How to Think like an Architect by Building Scalable Custom Objects
Custom objects are a uniquely powerful way to keep a business in sync, to automate tasks, and even to report on business data. Because custom objects can be such a powerful part of a business' data architecture, collaboration and thoughtful planning are important. In this guide to planning and designing a custom object, we're going to consider the full lifecycle of the object as well as how to name and define objects and properties for scale. All of this should happen before and during the process of creating the actual custom object. This guide is both technical and strategic. If you're a technical user building, customizing, or integrating on HubSpot, or a strategic user working in operations or marketing role, this is for you.
Define the purpose of the object
This may seem obvious at first, but it’s important to ask: What is the reason you are creating a custom object? You're likely thinking of a specific thing you want to do with the object: Create a CRM card that leverages it, create reports on it, create a workflow from it, or display it on a website. What I'm asking, though, is what is its primary underlying goal?
In most situations, the underlying goal likely is something like this: Keeping the whole company (sales, service, marketing, developers, operations, accounting, executives, etc) in sync as to the details related to that object, and potentially even keeping customers in sync with some of the details of that object through your website or emails, enabling them to act on it.
Having this primary goal in mind will help you make decisions that set you up better than simply focusing on the individual action you want to do with the object.
Write this goal down somewhere that you and your team members can see it.
I've created an optional workbook you can use to keep your notes organized as you follow along.
Define the lifecycle of this object
Hopefully, if you're using HubSpot, you're familiar with the inbound methodology and the flywheel. At the center of your flywheel are your customers (Attract, Engage, Delight). Multiple teams overlap in responsibility for each stage (Marketing, Sales, Service, etc). Your custom object will likely have a lifecycle, too, but it may not be a circle like the flywheel — it may be linear.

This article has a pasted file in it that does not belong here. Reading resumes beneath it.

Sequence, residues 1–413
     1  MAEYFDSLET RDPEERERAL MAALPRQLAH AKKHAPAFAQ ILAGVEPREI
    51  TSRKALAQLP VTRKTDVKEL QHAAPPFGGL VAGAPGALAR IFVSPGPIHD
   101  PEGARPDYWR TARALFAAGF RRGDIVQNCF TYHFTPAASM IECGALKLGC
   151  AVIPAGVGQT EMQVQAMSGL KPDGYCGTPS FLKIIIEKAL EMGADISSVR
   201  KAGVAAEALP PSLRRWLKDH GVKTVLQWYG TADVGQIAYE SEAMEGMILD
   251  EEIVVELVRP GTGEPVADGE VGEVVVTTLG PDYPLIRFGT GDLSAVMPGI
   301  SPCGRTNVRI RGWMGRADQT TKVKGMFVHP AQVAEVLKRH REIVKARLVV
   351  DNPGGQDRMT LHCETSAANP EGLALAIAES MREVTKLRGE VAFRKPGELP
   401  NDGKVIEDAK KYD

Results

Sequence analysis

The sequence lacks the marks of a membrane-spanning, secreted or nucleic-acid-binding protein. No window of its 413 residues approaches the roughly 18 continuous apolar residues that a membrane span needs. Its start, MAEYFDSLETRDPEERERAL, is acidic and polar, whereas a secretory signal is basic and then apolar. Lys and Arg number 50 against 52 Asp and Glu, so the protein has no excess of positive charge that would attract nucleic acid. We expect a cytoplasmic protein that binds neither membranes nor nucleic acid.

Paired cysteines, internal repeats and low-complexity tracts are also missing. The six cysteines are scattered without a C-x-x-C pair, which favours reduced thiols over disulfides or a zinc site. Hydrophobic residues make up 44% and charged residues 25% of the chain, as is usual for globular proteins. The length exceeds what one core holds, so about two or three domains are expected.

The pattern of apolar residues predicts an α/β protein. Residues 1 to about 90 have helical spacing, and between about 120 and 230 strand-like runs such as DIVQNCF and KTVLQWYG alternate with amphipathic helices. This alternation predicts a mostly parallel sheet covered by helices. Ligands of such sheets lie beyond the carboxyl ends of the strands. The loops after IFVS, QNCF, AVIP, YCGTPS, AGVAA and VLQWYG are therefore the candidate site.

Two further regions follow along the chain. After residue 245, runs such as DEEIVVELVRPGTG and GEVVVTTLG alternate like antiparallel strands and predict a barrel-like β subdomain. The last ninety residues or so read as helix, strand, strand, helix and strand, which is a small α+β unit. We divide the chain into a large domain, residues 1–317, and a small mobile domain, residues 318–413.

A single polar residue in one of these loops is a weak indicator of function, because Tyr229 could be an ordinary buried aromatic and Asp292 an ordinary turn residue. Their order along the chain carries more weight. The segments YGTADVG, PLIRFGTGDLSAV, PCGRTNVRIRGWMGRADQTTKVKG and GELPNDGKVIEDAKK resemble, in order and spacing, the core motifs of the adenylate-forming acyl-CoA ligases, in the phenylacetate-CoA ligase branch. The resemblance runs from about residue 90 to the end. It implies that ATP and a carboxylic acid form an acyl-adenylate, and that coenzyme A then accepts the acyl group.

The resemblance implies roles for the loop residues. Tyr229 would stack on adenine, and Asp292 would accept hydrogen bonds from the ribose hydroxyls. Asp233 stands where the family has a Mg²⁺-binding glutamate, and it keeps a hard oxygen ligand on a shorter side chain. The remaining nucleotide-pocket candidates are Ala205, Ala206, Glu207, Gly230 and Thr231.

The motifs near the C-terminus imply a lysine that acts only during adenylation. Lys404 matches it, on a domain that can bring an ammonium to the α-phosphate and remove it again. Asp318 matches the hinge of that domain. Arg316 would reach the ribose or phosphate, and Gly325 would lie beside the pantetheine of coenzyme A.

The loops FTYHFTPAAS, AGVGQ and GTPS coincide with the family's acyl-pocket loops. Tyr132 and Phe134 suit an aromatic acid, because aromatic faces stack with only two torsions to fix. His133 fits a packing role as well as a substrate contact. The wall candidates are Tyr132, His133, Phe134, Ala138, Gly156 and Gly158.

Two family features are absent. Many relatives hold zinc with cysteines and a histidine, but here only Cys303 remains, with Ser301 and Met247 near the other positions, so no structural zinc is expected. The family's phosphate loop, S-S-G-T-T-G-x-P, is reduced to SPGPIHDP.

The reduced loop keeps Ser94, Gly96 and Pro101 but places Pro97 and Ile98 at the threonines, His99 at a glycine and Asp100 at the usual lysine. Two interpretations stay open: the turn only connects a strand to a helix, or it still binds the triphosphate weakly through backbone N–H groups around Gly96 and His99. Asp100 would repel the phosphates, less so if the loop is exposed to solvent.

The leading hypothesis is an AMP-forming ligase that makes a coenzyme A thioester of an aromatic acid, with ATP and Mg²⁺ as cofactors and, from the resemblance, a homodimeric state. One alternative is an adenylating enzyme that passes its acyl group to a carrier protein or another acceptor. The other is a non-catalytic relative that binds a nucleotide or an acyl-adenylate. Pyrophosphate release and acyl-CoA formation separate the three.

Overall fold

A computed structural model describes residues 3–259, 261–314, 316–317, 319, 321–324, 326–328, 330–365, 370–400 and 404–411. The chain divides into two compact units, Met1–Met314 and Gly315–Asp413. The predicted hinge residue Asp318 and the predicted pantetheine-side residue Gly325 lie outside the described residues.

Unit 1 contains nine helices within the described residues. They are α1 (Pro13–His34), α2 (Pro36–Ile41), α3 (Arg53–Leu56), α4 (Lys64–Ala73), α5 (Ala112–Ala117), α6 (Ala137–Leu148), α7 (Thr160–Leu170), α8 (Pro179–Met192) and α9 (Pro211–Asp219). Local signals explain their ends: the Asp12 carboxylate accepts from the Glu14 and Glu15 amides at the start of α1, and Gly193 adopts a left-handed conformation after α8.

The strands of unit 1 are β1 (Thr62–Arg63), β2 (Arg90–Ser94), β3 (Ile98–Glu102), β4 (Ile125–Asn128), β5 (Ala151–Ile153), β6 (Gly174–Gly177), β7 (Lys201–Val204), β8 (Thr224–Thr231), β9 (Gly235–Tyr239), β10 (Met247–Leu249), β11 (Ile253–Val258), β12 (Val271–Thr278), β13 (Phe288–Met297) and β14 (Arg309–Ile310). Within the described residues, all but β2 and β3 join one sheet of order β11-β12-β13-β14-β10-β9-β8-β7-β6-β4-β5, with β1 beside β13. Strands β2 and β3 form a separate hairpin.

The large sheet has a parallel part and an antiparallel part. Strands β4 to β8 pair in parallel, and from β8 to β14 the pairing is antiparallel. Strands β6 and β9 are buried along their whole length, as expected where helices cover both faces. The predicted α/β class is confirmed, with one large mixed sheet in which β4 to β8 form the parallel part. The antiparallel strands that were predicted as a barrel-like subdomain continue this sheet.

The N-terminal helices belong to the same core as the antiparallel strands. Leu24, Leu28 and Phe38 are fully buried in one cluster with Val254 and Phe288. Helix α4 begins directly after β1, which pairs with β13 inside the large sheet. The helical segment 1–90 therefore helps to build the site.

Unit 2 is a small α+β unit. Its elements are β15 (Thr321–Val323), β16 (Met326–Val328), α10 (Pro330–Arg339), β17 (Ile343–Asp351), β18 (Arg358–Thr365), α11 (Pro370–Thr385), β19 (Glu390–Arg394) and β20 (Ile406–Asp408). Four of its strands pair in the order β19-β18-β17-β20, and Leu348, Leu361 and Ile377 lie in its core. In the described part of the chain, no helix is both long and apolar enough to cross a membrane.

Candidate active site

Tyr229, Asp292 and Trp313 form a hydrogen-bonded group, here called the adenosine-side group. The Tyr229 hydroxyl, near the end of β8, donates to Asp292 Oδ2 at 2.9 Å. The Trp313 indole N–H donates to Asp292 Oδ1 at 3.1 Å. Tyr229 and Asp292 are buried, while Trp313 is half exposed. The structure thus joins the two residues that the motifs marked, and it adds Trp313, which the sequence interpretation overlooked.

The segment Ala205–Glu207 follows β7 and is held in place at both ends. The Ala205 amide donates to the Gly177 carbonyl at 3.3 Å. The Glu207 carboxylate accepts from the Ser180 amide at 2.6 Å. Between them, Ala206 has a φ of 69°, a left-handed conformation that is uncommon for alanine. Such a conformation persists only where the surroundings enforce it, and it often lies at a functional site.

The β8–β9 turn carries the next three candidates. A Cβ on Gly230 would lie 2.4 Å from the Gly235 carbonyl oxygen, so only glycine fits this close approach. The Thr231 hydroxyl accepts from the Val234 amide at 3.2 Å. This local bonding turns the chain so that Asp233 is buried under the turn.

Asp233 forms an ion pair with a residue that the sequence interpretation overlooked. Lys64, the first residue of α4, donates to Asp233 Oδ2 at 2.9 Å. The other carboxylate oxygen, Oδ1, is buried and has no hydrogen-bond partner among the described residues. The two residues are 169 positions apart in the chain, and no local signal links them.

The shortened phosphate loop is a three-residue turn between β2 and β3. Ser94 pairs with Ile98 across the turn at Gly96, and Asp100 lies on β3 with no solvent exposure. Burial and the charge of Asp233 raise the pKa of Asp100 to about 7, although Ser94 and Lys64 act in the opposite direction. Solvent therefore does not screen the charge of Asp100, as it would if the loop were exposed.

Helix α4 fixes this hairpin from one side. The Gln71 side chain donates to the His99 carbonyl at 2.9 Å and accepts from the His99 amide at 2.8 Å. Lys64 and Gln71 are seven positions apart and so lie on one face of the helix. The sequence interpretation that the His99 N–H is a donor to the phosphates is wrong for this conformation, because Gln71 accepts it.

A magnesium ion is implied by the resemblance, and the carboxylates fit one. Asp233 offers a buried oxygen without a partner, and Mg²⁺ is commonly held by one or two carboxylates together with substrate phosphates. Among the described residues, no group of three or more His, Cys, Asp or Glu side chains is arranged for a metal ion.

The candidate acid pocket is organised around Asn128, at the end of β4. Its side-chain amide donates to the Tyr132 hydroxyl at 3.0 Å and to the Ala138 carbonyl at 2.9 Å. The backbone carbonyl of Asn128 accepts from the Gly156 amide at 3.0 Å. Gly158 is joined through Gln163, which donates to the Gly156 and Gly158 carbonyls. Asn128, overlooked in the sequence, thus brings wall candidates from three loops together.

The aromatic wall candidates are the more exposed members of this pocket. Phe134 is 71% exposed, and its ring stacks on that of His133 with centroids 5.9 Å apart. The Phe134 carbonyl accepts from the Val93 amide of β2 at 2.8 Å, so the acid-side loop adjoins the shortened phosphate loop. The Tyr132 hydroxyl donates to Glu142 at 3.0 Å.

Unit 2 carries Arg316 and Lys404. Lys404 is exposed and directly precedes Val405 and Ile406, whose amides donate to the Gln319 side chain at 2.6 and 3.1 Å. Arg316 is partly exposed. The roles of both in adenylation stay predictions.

For example, a marketing event's lifecycle might look like this:
- Marketer creates an event.
- Contacts receive an email/or other announcements about the event.
- Contacts go to a landing page detailing what to expect at the event, and they fill out a form to register for the event.
- Event starts, new registrations are blocked, and actual attendance of the event is observed and logged. Potentially, the event starts getting video recorded.
- Maybe some more granular data about the event needs to be tracked during the event.
- Event ends. Landing page gets updated to reflect that the event is over.
- An email is sent to attendees thanking them for coming, recapping what happened, and including any additional useful resources (like a video recording).
- Internal post-event analysis/reporting is done.
- Sales, service, marketing, technical consulting, developer advocacy, etc. link contacts to the recording of the event if it was relevant. Internal teams make decisions based on the data from that event, determining what worked, what didn't, and refining for future events.
Throughout that whole lifecycle, sales and service can see if their contacts are attending — and even suggest attending it or watching it after the fact based on the contact's needs. Additionally, having the context that someone attended the event can help sales and service build on top of the information from that event. This saves everyone time and helps deliver a more personal experience to the customer.
Write out the lifecycle of your object.
This will come in handy later.
Don't worry about getting every little detail about this lifecycle correct right off the bat. It's likely you know some big obvious lifecycle stages for the object, but there are areas in the lifecycle where you may have gaps.
Gather the current and potential future stakeholders
From the lifecycle, you've probably figured out that multiple teams may touch this object — including some you may not have expected.
You're going to want to rally a representative stakeholder for each of those teams to ensure each team will get the value they want out of that object.
You may want one (or more) representatives from:
- CMS development, CRM development, revenue operations
- Other internal teams that could interact with the object
You may be thinking, "hold on a minute, I'm creating this object so I can do X action with it. Inviting all these people will make this take forever.".
The goal of inviting all of these folks isn't to get into the weeds of your team's individual processes and use of the object — it's to better understand everyone else's touch points with the object. You can't really figure out the data structure without understanding the context of how it can/will be used. Doing this now will prevent you from having to restructure, clean, and reformat data down the road due to a conflict with how it needs to be used, which can save you a ton of time and frustration.
- Show all of the stakeholders the lifecycle you have written down.
- You're going to ask them a series of questions. For each question, write down their responses, as you'll refer back to them later.
- Ask them if they see missing or inaccurate details from their perspective. Update your documentation of this lifecycle now so you don't forget anything.